I have convinced myself that today's prospect is as spoiled a bunch as I have seen – and that is really saying something. We've slowly gotten to this point, but we have arrived – prospects don't work out at camps any more.
Not if they are rising seniors (keep in mind that rising seniors still have ten months from now to be recruited and sign with schools).
I've covered the MVP Camp in Georgia from its start, and what's happened over time is that kids view their make-or-break time as the spring of their sophomore seasons. Anything after that? Apparently there is no need to work out.
It is a reverse from what I saw not that long ago in Rome when the MVP Camp was held at the Darlington School in 2010. David Andrews, a center prospect from the Wesleyan School, and Amarlo Herrera, a linebacker prospect from North Clayton, both drove about two hours from their homes to participate in the start-up camp.
No big deal right? They both needed more exposure – as they were both already committed to Georgia… considered a major SEC offer. Sarcasm often doesn't translate on paper, so let me be more clear.
Why did Andrews and Herrera go to Rome that day? Apparently it was to work as both of them drilled the entire day. But why? What did they have to gain by being there? (An aside – Watts Dantzler was there that day, too, but didn't work out).
That's the crux of the argument – that is the key that unlocks the door.
Let me lay the MVP Camp out for you.
It is blue collar. The T-shirts? They are not brand name and are made of cotton – so they rip easily and are pretty much useless by that afternoon. The location? Lovejoy – not Buford or Lassiter. If you win an award at the MVP Camp you get a trophy – not an all-expenses-paid trip to the West coast.
So, if you are a recruit who is already committed to a school why go? That's the wrong question, and that's the problem.
Why would you not go?
I've never met a high school prospect who is fully polished – never. I've never met a high school prospect who couldn't benefit from more time on the field. I've never met a high school prospect who didn't benefit from working with people outside of his high school to see something new.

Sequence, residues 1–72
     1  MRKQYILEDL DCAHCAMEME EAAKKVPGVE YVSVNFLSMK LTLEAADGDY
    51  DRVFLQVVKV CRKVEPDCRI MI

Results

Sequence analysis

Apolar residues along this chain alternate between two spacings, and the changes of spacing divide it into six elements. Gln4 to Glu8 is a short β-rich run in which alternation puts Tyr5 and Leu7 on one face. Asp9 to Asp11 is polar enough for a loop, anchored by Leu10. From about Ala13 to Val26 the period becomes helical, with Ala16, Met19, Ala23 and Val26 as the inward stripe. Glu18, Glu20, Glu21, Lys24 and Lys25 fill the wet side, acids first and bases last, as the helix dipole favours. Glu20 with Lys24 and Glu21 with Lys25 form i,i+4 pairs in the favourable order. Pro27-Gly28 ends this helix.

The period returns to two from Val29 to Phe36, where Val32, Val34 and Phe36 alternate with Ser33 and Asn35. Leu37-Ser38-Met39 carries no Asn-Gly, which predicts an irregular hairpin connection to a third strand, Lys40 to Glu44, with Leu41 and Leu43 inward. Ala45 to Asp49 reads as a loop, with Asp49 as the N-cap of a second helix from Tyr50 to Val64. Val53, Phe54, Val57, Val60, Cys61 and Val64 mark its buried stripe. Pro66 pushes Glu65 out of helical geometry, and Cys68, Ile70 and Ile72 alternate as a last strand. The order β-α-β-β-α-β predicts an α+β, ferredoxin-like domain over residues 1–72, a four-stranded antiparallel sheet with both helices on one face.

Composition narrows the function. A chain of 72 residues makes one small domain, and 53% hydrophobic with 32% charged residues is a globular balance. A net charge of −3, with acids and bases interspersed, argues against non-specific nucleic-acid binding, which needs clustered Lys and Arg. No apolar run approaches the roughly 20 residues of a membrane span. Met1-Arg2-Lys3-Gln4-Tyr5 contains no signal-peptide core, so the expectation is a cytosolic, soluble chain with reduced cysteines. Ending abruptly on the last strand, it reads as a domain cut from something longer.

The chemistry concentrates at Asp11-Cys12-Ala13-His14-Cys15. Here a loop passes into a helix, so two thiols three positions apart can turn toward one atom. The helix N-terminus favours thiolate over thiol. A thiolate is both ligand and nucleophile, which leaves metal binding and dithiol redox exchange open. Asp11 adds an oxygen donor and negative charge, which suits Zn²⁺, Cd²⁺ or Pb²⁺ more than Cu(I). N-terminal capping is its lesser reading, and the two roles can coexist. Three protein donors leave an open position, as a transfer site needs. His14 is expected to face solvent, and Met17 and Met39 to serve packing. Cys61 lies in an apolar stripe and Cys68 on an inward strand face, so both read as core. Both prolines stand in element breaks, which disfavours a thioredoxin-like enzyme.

How do I stack up against people outside of my region? What is it like to work with a lift-handed quarterback? I have my two moves, what is it like when I can't get around the offensive lineman in front of me because he's seen those two moves before?
If you are not working out you will never know the answer to that question.
The term prospect is probably very, very misunderstood – but it literally means "the possibility that something will happen in the future." Possibility seems left out a lot of late in recruiting because although everyone can do something doesn't mean they will. Certainly the only way it will happen is with great genes and years of difficult work – work that's not always very fun; work that involved the development of mental toughness… the ability to forget when you lost the play before and understanding that the only thing in sport that matters is what is happening on the field of play right now – and doing that over and over and over.
We've lost that.
Camp world has changed. High-level kids, committed or not, don't work at camps like they used to. Show up and hang out? Yes. Work? Apparently it is not necessary any more. Again, it's my/our fault. I write about recruiting (among other things). You read it. The kids know that and have settled into a routine. They understand that they are a hot item – even when they are not necessarily a "great" prospect.
So, because people like me write about kids (which is required to be successful at my job), the kids confuse the attention they get with them actually being good enough to skip camps and combines – or show up and not get onto the field.
I blame myself, but I am not alone.
It's not quite that simple, because we (the media) are not nearly as at fault as the schools who have entered a recruiting arms race at break-neck speed (recruiting is vastly worse than it once was). Schools, who have spent (on average) two and a half years recruiting a player, have to unrecruit the kids once they get on campus. Mark Richt's drawings, some school in the SEC West's bag full-o-cash (allegedly) and 262 recruiting letters on one day – that's all gone once you sign.
Then you actually have to get onto the field and do it, and no matter how great my article is about you all of the typing in the world isn't going to save you when Leonard Floyd slaps you upside the head.
By the way – the two guys I mentioned above – Andrews and Herrera… both are three-year starters at Georgia.